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Thaksin’s wife found guilty of tax evasion

THAILAND: The wife of ousted Thai Prime Minister Thaksin Shinawatra was found guilty Thursday of evading millions of dollars in taxes and sentenced to three years in prison.

The landmark ruling against Pojaman Shinawatra strikes a major blow to Thaksin, who was ousted in a 2006 coup, and has long denied any wrongdoing by his family in the tax case and several other corruption cases against his inner circle.

“The defendants are high-profile and wealthy citizens,” the judge said. Pojaman’s husband “was the leader of the country and she is obligated to pay taxes as a model for society.”

“But the defendants lied, cheated and conspired to evade taxes, which is regarded as a serious crime,” the judge said.

The 51-year-old former first lady, in a pale blue suit and strand of pearls, looked stunned as the judge pronounced the verdict. She was promptly released on 5 million baht (US$149,000) bail and walked out of the Bangkok Criminal Court with her family into a waiting car.

Thaksin’s spokesman, Pongthep Thepkanjana, said lawyers planned to appeal.

“Thaksin is not disheartened,” he said. “They respect the court ruling but it is not the end. We will fight until the end.”

Pojaman, her brother and secretary were convicted of evading millions of dollars in taxes in 1997 through a complicated transfer of shares in the family’s flagship business that involved placing stocks in the name of one of the family’s maids.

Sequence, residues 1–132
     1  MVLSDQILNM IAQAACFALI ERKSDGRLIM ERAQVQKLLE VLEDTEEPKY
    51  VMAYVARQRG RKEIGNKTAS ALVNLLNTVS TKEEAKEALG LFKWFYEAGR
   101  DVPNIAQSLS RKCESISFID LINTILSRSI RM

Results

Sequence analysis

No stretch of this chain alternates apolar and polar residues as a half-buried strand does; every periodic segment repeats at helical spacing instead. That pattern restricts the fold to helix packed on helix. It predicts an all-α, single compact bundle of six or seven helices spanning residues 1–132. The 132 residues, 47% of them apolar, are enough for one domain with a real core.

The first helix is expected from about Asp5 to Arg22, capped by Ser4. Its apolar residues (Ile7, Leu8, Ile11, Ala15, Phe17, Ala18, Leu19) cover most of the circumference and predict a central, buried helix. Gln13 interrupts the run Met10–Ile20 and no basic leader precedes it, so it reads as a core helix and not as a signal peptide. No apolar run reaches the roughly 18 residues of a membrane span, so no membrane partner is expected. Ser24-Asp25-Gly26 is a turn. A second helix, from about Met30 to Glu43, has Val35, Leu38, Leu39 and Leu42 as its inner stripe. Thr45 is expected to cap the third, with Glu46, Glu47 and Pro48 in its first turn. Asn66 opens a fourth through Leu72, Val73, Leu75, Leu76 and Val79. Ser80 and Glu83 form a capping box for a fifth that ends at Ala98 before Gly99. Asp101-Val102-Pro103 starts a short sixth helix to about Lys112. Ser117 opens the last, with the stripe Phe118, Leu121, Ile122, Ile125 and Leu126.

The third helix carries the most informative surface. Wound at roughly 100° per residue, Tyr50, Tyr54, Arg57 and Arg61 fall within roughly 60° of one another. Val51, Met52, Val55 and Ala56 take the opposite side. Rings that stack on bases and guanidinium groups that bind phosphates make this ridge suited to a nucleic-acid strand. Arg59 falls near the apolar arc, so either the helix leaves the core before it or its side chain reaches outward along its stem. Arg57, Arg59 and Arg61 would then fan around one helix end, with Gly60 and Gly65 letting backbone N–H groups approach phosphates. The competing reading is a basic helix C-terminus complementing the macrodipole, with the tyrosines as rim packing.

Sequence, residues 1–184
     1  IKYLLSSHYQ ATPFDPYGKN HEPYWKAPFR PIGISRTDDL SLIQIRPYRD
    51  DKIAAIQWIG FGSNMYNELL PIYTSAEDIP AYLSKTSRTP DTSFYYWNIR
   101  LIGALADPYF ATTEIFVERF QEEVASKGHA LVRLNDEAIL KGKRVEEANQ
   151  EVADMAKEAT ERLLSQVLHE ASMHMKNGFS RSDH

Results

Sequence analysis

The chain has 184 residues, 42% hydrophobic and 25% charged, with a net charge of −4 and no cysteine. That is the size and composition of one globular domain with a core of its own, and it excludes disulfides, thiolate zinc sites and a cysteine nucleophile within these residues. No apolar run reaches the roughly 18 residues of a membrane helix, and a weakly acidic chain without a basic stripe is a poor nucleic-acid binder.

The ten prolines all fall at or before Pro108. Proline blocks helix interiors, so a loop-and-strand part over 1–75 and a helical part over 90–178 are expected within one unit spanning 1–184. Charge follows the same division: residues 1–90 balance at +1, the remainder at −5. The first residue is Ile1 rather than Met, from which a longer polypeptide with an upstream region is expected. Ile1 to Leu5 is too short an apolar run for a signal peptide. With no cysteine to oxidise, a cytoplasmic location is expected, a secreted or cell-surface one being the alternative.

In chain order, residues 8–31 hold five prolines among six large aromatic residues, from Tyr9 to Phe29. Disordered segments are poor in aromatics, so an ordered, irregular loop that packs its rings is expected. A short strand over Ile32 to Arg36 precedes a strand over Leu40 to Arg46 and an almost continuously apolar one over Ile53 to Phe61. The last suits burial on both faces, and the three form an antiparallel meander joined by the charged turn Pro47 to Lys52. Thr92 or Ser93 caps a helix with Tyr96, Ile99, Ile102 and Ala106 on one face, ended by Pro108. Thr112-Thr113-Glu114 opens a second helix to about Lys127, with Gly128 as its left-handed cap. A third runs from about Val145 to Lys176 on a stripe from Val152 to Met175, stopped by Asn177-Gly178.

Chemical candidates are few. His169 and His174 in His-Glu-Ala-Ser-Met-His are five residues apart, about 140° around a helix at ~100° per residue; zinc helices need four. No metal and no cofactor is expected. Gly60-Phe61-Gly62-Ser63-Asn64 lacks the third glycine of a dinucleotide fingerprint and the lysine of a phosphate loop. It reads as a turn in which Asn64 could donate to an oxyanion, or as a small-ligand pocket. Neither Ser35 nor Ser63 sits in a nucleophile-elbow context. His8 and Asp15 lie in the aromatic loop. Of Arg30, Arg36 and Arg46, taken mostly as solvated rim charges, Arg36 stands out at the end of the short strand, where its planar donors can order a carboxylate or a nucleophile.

The court also sentenced her brother, Bhanapot Damapong, to three years in prison and the secretary to two years.

All three had pleaded innocent.

More than 300 police were deployed in the area amid concerns of possible protests by both Thaksin’s supporters and opponents. More than 1,000 supporters mobbed the family as they exited the court.

Thaksin was ousted after being accused of massive corruption and abuse of power during his two terms as prime minister. Four corruption cases have been filed in the courts against Thaksin, two others against his wife, and three cases against two of his children. Many others are under investigation.

Thursday’s case centered on a 1997 transfer of shares in Shinawatra Computer, the company that later became Shin Corp. - Thailand’s biggest telecommunications company - before it was sold in 2006 to a Singapore state-owned company for US$2.2 billion.

The share transfer was valued at 738 million baht - about US$22.2 million at the current exchange rate - and deemed tax-free. The family had listed the deal as a transfer of shares carried out within the stock market, which is exempt from capital gains taxes.

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